Since the beginning of 2004 TEN has taken delivery of six vessels (five newbuildings and one second-hand), with an average age of 1.4 years, and has placed orders for ten additional newbuildings with 1.6 million dwt combined capacity. In the same period, it sold nine vessels totaling 600,000 dwt with an average age of 14.0 years, contributing $66 million in capital gains. The next newbuilding to join TEN's fleet is the 1A ice-class double-hull Suezmax tanker, "Archangel" expected to be delivered in January 2006 in South Korea.
Source: ctober 27, 2005, PR Newswire
Quintana Maritime Announces Third Quarter 2005 Results
---ATHENS, GREECE -- (MARKET WIRE) -- 10/25/2005 -- Quintana Maritime Limited (NASDAQ: QMAR), an international provider of dry bulk cargo marine transportation services, announced today that it will release its third quarter 2005 results for the period ending September 30, 2005 before the market opens on Wednesday, November 2nd 2005.
On the same day, Wednesday, November 2nd, 2005 at 10:00 A.M. EST, the company's management will host a conference call to discuss the results.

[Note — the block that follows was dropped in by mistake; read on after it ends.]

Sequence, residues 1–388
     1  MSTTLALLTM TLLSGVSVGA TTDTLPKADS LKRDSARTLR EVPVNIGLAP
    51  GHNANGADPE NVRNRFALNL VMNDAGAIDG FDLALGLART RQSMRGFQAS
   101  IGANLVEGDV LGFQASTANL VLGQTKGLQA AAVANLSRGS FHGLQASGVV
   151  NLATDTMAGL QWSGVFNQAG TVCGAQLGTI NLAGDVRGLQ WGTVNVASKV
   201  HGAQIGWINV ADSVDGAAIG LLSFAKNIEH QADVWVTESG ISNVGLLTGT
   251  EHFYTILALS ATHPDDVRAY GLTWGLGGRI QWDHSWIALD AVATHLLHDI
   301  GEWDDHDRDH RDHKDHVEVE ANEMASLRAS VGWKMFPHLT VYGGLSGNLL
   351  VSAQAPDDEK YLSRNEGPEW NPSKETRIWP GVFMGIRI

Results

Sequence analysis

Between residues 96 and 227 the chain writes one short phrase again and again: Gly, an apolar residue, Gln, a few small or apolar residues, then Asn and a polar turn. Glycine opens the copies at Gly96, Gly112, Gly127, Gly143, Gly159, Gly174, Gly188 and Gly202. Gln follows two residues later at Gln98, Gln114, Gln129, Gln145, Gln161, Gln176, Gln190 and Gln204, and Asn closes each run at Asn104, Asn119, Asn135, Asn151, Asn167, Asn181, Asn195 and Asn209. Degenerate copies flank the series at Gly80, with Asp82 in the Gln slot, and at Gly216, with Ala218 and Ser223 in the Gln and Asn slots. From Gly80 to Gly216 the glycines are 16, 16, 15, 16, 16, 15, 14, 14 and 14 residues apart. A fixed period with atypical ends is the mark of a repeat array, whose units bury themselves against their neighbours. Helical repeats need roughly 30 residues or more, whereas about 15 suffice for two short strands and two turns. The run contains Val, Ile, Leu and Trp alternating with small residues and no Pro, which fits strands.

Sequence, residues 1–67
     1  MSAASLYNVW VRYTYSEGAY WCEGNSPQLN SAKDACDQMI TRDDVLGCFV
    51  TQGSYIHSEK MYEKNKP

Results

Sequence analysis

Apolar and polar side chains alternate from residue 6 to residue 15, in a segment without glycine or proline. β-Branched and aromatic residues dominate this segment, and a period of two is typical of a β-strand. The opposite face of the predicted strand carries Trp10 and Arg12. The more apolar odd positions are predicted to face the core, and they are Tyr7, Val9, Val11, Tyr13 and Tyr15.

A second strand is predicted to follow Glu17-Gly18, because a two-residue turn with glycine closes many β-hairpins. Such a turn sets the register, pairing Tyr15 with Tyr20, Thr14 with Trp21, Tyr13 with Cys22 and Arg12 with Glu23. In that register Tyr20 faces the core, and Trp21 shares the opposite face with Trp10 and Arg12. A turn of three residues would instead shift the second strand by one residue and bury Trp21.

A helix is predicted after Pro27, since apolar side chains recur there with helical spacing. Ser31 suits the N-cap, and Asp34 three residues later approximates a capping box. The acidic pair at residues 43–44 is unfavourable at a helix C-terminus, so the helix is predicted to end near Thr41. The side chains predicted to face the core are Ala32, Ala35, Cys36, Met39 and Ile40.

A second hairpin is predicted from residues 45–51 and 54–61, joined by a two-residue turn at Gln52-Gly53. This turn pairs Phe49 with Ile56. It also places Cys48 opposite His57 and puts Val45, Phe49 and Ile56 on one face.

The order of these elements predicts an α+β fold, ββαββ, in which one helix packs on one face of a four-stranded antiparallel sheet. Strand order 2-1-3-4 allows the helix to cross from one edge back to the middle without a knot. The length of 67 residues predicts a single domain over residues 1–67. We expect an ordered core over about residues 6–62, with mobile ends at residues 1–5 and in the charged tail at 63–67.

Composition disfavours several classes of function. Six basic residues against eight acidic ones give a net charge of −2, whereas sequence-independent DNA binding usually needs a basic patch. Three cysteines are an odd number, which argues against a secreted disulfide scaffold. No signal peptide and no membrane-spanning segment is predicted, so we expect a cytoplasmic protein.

Conference Call details:
Participants should dial into the call 10 minutes before the scheduled time using the following numbers: 1 866 819 7111 (from the US), 0800 953 0329 (from the UK) or + 44 (0) 1452 542 301 (from outside the US). Please quote "Quintana."
In case of any problem with the above numbers, please dial 1 866 869 2352 (from the US), 0800 694 1449 (from the UK) or + 44 (0) 1452 560 304 (from outside the US). Quote "Quintana."
A telephonic replay of the conference call will be available until November 9th, 2005 by dialing 1 866 247 4222 (from the US), 0800 953 1533 (from the UK) or + 44 (0) 1452 550 000 (from outside the US). Access Code: 1859591# Slides and audio webcast:
There will also be a live, and then archived, webcast of the conference call, through the internet through Quintana Maritime's website (www.quintanamaritime.com). Participants to the live webcast should register on the website approximately 10 minutes prior to the start of the webcast.